Soundtrack review: Jurassic World

Oozing with originality, but clearly full of respect for William's work, Giacchino's score is the perfect blend of old and new.

I won’t lie to you, when I saw the first trailer for Jurassic World my excitement levels plummeted. Tame raptors, questionable CGI, and snippets of dialogue that suggested the script would have about as much depth as a Spot the Dog book – case in point: “It depends on what kind of dinosaur they cooked up in that lab” – all left me feeling woefully underwhelmed. I still maintained hope, of course, but it was hope for hope’s sake. Nothing more.

Even the involvement of Chris Pratt, a saucy man-crush of mine, and Colin Trevorrow, director of wonderful indie flick Safety Not Guaranteed, couldn’t allay my fears. This was a Jurassic Park movie without Spielberg and John Williams, which, in short, could only mean it wasn’t going to be a Jurassic Park movie.

Now, as anyone who’s seen Jurassic World will already know, I was absolutely, positively, 100 percent…wrong. Yeah, you heard me. I was a damned fool.

This is a Jurassic Park movie. In fact, this is the best Jurassic Park movie since the original changed the face of cinema back in 1993. Trevorrow and co did what I deemed impossible: they created a worthy sequel to one of the most memorable movies of all time – and make no mistake, this is a true sequel to Jurassic Park. This is the one we’ve spent the last 22 years pining for.

Life finds a way

There are so many things Jurassic World gets right, that I actually don’t have time to list them all here. In a nutshell though, the movie manages to captures the spirt of Spielberg’s original masterpiece without ever feeling contrived. The nods to the first film are subtle and rewarding, while the new leads reinvigorate the franchise, which was becoming less and less plausible – I know, I know, I’m discussing plausibility in a movie about dinosaurs – due to its reliance on bringing the same leads back to the islands that’ve punished them time and time again.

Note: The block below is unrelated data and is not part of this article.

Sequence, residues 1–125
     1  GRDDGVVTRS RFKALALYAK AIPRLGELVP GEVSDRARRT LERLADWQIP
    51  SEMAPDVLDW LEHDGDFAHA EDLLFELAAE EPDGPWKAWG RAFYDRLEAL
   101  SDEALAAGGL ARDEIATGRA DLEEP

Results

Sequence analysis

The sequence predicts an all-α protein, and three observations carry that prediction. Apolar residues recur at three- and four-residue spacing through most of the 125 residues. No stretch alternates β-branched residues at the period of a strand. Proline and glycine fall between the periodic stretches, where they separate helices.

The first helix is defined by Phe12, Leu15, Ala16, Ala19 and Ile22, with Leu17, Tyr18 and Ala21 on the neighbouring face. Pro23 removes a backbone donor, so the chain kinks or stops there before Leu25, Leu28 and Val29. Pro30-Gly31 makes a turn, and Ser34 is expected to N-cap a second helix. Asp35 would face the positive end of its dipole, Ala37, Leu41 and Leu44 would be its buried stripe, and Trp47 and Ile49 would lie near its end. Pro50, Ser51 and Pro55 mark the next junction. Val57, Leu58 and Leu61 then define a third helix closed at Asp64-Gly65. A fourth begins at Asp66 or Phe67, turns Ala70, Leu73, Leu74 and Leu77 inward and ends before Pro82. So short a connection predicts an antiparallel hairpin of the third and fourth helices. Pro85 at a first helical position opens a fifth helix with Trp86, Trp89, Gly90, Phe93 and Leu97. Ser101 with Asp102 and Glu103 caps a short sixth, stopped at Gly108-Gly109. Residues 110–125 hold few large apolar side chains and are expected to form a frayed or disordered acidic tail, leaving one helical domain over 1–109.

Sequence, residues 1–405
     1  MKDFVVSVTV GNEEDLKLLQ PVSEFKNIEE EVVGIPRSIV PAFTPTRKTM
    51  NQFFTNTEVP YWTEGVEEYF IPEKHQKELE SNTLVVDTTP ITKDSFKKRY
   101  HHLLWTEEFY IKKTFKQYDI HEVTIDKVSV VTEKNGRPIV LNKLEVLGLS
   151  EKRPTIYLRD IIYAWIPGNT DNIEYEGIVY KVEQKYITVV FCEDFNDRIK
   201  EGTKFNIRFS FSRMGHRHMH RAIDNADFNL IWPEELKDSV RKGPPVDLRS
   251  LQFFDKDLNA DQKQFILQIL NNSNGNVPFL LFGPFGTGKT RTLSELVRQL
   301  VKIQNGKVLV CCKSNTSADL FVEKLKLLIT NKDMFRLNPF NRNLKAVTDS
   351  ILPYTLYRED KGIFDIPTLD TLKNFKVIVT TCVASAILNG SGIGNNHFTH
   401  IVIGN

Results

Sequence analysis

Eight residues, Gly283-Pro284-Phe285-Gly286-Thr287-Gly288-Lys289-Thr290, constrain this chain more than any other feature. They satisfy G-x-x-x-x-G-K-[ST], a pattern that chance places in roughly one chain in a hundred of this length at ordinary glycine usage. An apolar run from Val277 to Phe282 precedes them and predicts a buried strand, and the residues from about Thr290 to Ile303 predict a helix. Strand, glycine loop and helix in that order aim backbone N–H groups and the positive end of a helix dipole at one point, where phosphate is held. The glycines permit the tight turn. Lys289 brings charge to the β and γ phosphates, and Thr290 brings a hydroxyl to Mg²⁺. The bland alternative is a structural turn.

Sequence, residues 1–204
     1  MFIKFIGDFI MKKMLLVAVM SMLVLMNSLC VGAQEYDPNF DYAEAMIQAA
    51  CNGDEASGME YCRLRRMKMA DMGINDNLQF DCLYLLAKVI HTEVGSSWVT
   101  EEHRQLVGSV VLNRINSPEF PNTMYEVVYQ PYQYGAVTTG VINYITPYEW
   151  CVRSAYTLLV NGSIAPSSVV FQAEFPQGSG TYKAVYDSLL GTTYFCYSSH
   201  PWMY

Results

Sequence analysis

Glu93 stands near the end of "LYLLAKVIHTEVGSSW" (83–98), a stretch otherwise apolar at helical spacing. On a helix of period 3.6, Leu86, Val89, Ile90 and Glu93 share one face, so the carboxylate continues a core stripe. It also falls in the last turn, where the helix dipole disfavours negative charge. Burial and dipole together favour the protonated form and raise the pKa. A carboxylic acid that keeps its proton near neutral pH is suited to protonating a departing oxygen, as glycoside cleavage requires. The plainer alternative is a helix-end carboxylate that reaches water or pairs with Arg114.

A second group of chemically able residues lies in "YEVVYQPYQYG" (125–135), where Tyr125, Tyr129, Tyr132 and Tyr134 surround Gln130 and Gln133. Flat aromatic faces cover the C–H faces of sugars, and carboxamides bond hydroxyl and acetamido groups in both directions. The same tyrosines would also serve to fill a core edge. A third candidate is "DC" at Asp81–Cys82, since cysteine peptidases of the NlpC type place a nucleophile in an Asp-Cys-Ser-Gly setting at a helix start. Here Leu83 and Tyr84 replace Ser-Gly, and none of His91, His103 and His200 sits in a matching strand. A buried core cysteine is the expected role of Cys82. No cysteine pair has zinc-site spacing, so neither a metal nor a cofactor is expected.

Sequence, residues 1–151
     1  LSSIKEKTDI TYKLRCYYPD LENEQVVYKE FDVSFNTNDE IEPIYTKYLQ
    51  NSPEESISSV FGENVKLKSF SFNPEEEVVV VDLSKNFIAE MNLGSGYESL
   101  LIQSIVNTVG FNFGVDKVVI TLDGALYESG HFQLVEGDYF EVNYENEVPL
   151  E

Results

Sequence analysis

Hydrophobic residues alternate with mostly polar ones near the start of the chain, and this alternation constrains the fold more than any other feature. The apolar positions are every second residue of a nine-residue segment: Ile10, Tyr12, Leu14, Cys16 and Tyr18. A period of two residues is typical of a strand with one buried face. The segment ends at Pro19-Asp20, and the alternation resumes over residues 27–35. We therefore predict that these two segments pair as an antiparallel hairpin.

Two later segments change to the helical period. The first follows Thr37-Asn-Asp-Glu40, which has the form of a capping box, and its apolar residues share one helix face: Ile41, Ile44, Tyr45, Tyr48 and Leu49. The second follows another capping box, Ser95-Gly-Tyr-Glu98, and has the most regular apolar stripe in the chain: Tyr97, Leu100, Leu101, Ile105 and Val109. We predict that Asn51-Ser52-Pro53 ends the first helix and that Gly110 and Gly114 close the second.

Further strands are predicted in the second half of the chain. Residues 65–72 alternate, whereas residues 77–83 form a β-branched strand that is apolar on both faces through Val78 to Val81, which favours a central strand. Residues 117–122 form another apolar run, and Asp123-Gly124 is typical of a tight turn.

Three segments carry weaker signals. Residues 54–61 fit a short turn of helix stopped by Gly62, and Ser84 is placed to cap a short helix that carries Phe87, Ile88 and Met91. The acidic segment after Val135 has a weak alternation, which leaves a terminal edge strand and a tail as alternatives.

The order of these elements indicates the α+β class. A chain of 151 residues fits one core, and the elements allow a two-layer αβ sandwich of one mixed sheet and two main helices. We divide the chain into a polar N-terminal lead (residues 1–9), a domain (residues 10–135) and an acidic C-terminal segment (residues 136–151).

Seriously, unless you’re some sort of unflappable adrenaline junkie, why would you ever want to be chased by a T. rex more than once?

Then, there’s the new score. No one will ever replace John Williams, and attempting to replicate his genius would be a move born out of pure folly. Instead, in passing the baton to Michael Giacchino, Universal have found a man unafraid to leave his mark on a franchise so long defined by William’s uplifting melodies.

Already familiar with what it takes to score an Amblin production, thanks to his work on J.J. Abrams’ Spielberg homage Super 8, and more than capable of handling the pressure that comes with scoring a summer blockbuster – see Up, Tomorrowland, and Star Trek – it’d be fair to say that, realistically, Giacchino was perhaps the only choice for Jurassic World.

“The composer hits all of the right notes, deftly balancing tension, with genuine, warm emotion, and prehistoric intrigue to create a score that becomes the movie’s heart and soul.”

Oozing with originality, but clearly full of respect for William’s work, Giacchino’s score is the perfect blend of old and new, reminding fans of the original why they fell in love with the franchise while simultaneously giving younger viewers breathtaking, iconic moments of their own. Indeed, the composer hits all of the right notes, deftly balancing tension with genuine, warm emotion – listen to The Family that Strays Together for some classic Amblin goodness – and prehistoric intrigue to create a score that becomes, at times, the movie’s heart and soul.

The spectacular dino-battles, hair-raising chase scenes, and sumptuous panoramic shots that we’ve come to expect from the series feel at once both familiar and fresh, with tracks such as Our Rex is Bigger Than Yours, Chasing the Dragons, and Welcome to Jurassic Park capturing the essence of the franchise. In the same breath, it was important for Giacchino to show restraint, and by refusing to assault the audience with an endless barrage of Williams nostalgia, he makes those quintessential Jurassic Park moments feel all the more special.

In some ways, it’s a shame that Giacchino couldn’t step out of William’s shadow completely and do away with any reference to the original movie. Starting afresh would certainly have been a bold move, and we’d be interested to see what the composer would’ve done if the shackles were well and truly off. Of course, we know that’s a pipe dream. William’s score is woven into the very fabric of the franchise, and while Giacchino is brave, it would’ve been suicidal to remove any reference to the original score. In another world, perhaps.

Succeeding Williams was never going to be an easy task, but Giacchino has earned the right to take the reins going forward. If the future is as bright as Jurassic World seems to suggest, we can’t wait to see what the next two instalments have in store.

Oh, come on, we all know another trilogy is on the way.